Pentagram partner Fernando GutiÃ©rrez is at pains to point out that his recent work on El Pais, Spain’s most prominent daily, isn’t so much of a ‘clean’ redesign so much as an ongoing tinker. ‘I’m gradually tidying it up more than anything else,’ he explains.
Launched in 1975 soon after Franco died, the basic design of El Pais was originally conceived by the German Reinhard Gade. Set in a classic Times and Helvetica combination, it represented a new Spain and revelled in its freedom of speech, attracting contributions from leading Hispanic intellectuals such as Gabriel Garcia Marquez and Mario Vargas Llosa.
‘It was the first independent newspaper on the Spanish high street,’ says GutiÃ©rrez. ‘I remember it as being dense and serious with solid type and rather grey text.’ And, by the 1980s, it was also extremely successful, pulling in around 450 000 readers daily and 1.5m on a Sunday – figures only the hugely popular Spanish sports papers could beat.
GutiÃ©rrez first became involved with the paper during the early 1990s when he was at Grafica. He was instrumental in the launch of El Pais de Las Tentaciones, a supplement for younger readers covering film, music, theatre, listings and interviews. ‘It was vibrant, new and energetic,’ he recalls. ‘It made El Pais appear more contemporary and adventurous.’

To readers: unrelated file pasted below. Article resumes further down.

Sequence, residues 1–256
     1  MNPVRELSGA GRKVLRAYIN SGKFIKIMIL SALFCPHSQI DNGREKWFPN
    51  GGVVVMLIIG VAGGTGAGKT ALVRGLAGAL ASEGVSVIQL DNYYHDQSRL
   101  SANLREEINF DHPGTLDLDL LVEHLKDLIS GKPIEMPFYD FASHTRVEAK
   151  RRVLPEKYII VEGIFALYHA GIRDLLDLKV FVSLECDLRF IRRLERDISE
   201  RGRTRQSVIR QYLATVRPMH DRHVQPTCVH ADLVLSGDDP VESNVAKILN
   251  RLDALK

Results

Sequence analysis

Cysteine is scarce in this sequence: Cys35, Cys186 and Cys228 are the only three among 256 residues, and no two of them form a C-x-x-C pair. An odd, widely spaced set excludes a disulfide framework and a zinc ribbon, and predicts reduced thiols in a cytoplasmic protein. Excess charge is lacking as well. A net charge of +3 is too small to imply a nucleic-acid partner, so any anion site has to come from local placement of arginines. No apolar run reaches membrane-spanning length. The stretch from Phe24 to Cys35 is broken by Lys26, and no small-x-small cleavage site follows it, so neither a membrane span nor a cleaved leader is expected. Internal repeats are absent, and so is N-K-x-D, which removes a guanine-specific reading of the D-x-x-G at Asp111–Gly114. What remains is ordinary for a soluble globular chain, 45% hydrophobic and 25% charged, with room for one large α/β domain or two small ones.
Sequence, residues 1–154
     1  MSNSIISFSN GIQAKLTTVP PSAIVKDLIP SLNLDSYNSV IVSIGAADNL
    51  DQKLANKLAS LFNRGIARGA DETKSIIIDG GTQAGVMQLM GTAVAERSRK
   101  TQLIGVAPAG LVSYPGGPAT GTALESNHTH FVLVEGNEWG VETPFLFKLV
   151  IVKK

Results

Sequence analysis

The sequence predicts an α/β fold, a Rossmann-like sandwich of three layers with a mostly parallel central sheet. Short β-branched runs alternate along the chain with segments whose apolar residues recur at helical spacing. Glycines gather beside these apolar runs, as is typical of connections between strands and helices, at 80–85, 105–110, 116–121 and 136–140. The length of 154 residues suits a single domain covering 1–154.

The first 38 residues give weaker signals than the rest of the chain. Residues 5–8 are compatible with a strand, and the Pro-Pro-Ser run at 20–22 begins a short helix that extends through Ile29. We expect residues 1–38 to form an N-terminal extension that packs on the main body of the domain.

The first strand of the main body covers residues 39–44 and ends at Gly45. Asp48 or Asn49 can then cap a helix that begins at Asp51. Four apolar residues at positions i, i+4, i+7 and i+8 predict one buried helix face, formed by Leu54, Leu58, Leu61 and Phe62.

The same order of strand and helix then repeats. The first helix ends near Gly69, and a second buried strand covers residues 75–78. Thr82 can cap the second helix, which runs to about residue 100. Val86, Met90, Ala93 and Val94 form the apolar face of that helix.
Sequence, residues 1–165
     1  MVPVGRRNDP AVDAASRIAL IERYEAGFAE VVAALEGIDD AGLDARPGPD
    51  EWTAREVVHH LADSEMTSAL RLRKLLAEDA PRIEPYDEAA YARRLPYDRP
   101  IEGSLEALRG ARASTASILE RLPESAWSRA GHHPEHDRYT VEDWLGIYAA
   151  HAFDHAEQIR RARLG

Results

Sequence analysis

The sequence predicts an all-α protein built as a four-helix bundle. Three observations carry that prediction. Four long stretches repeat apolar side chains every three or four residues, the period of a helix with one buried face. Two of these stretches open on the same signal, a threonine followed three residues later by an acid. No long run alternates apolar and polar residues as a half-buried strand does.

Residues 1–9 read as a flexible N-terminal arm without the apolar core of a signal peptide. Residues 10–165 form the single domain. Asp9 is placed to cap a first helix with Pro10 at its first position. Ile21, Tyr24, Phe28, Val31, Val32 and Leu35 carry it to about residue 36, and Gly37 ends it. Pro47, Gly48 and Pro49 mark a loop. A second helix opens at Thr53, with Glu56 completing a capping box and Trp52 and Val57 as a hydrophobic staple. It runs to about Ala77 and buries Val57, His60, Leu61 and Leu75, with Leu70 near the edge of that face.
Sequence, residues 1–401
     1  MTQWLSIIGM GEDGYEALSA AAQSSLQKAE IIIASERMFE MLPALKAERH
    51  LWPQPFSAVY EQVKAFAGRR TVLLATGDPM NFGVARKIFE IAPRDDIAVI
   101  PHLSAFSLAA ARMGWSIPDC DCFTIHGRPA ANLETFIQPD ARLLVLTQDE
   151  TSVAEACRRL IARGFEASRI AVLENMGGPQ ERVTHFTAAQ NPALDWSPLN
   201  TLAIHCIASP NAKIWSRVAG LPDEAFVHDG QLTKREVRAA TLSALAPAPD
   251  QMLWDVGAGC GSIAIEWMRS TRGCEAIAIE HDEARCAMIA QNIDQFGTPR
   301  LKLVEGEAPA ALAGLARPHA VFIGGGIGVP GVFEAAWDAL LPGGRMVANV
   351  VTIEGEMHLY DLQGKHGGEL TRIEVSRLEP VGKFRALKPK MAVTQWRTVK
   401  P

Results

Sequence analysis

Enthusiastically received by both the public and the design fraternity, Tentaciones paved the way for a new wave of editors, photographers, illustrators and designers, many of whom have now graduated to the main paper and were responsible for initiating the recent revamp. GutiÃ©rrez is refining seven supplements in all, including arts, new media and travel sections, working closely with El Pais art director David Garcia and designer Lucy La Cava.
To an extent, the redesign has been dictated by the new Hermes layout system that has been installed at El Pais, which involves working in a series of pre-designated blocks. Though highly practical, in that five or so journalists can be working on a page simultaneously, according to GutiÃ©rrez, it ‘is like designing with a straight-jacket on’. The main typeface remains Madrid, a version of Times reworked by Matthew Carter.
He sees his role as developing ‘clear specific rules’ that can be picked up by anyone who needs to lay out a page. ‘It’s a completely different way of working,’ he says. ‘Ultimately, the control is with the people in the trenches. The fewer questions they need to ask the quicker they can get the job done. The idea is to create a newspaper that is stylistically quite neutral, that just makes you want to read the stories.’
Where GutiÃ©rrez hopes to create more impact is by ‘readdressing’ the photography and illustration, giving photos more ‘bounce and contrast’, being more adventurous with the type of illustration commissioned. ‘It’s all about creating a good ongoing relationship,’ he says. ‘Design is the least of it really.’